New Orleans ACORN had one-crew on the ground in metro Atlanta in the get-out-the-vote effort for the recent Senate election, recruited largely from Pennsylvania by longtime organizer and Pittsburgh activist and music aficionado, Maryellen Deckard. They were revisiting the turf we had hit two-years ago in the special runoff election to culminate the 2020 election, when Georgia was once again in the catbird seat. We weren’t able to do as much this time, but we wanted to our part for a lot of reasons, and here they come.
The South, urban and rural, is critically important to the future of the country and any pretense at democratic practice and traditions. This is where much of the fight has to take place. Georgia, maybe surprisingly to some, is an every day battleground, regardless of the election cycle, in being able to win in this struggle.
Electing Rev. Raphael Warnock means something to Georgia of course as the first full-term Black US Senator, but he also stands out as a Black Senator from the South, where there have not been any others since the end of Reconstruction. The fact that he also occupies the pulpit in Martin Luther King, Jr’s old church packs a wallop as well. Mississippi has come close, and maybe can come closer. Florida knocked on the door in the last election. In Louisiana, a two-term New Orleans mayor like Marc Morial found an opening as head of the New York-based Urban League, but that might not be the future, if we keep our shoulders to the wheel and push for equality.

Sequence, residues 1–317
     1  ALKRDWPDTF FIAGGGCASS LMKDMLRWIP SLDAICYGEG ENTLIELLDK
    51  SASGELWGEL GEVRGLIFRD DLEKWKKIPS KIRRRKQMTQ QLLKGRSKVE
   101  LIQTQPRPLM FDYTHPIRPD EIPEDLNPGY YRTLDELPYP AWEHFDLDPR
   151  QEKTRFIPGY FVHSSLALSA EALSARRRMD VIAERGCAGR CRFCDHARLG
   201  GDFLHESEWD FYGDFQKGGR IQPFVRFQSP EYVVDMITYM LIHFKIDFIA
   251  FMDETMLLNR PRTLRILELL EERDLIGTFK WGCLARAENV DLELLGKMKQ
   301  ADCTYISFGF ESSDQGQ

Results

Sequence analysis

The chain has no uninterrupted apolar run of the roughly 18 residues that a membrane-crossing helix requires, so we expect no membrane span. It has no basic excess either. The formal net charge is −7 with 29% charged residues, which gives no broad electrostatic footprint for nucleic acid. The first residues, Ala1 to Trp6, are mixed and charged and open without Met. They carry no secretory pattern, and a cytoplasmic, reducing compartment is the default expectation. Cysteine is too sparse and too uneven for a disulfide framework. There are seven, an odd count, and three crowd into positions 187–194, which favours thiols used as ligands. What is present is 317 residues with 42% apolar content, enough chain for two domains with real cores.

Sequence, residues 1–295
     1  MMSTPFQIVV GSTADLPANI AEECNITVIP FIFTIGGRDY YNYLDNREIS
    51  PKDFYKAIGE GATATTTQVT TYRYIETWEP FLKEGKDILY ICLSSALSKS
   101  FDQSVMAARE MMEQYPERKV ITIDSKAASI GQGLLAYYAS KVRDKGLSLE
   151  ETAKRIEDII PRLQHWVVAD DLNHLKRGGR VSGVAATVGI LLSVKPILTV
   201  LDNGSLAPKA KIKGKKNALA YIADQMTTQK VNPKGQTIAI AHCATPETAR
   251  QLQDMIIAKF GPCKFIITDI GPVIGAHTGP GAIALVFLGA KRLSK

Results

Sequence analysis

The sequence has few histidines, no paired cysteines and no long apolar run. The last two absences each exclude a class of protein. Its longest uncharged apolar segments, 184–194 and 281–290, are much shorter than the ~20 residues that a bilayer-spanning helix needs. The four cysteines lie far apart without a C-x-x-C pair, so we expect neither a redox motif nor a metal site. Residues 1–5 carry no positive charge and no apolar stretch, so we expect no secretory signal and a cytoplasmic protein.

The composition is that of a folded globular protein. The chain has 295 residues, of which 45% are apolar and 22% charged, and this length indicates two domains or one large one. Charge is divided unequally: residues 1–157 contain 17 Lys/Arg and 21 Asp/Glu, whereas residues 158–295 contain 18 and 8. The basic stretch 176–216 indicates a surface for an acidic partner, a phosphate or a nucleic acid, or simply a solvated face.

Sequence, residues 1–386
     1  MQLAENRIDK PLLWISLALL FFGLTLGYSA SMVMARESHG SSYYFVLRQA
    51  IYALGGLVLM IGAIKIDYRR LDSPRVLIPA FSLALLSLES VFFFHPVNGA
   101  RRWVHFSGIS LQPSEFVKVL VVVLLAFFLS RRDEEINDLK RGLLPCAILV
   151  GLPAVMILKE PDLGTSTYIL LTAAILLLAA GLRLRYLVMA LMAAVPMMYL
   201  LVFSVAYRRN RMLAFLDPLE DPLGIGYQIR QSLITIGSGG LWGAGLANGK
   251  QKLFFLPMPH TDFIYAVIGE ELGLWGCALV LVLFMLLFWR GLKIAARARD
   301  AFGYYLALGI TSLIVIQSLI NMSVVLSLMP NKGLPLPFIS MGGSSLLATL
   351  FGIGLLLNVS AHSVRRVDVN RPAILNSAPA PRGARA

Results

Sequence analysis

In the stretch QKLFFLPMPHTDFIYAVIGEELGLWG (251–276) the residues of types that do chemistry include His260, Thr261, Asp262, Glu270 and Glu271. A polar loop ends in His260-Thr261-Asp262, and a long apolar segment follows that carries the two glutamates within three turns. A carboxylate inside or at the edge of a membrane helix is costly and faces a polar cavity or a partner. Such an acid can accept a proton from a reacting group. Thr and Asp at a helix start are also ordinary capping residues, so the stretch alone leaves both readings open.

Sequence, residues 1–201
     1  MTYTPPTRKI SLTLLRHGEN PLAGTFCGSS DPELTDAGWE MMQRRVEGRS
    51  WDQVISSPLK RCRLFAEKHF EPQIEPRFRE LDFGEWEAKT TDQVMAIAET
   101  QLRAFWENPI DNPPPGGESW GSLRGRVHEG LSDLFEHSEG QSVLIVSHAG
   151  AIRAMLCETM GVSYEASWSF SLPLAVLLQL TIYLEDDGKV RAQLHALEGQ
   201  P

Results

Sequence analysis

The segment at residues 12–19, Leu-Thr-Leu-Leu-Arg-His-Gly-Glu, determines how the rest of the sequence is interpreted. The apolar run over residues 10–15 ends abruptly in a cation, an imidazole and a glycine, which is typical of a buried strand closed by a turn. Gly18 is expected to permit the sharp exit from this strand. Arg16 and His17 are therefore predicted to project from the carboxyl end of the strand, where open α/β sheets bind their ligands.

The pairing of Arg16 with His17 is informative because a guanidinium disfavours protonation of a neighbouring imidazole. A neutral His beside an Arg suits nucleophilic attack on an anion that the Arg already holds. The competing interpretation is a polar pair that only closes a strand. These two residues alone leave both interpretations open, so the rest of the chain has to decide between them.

Donors, inside and outside of Georgia, didn’t spend wheelbarrows full of money because they gave a flip about the South, but because they cared about the Senate. I get that, and it’s important. I heard a quote from President Biden on the radio, although I can’t seem to find it now, about a 50-50 Senate split between the parties, “created fifty presidents” essentially competing with him, as the only one elected as president, and his agenda. Watching the machinations of Arizona’s Sinema and West Virginia’s Manchin peacocking for special interests while holding up or diluting critical administration programs was painful. They and others still have leverage on a 51-49 split, but not like they had. Manchin claims he’s happy about this, which likely means he can vote against the majority more often.
Whatever, the extra cushion that comes with Warnock’s victory means more judges and progressive appointments both in the whole Senate and in committees, where there was an even-steven split, can’t be held up as easily. It won’t mean the end of gridlock, because the narrow House majority for the Republicans is a wild card in every big deck. There will always be politics, but it’s a straighter path to some progress.
Past the Senate mathematics, with Warnock guaranteed a full six-year term, it’s time we all learned more about the mettle and vision of the man, and whether or not he could play a larger role in moving the agenda of racial justice and equity forward in the South and the nation from his position. That could be huge. Bigger than Georgia and bigger than one more vote in the Senate.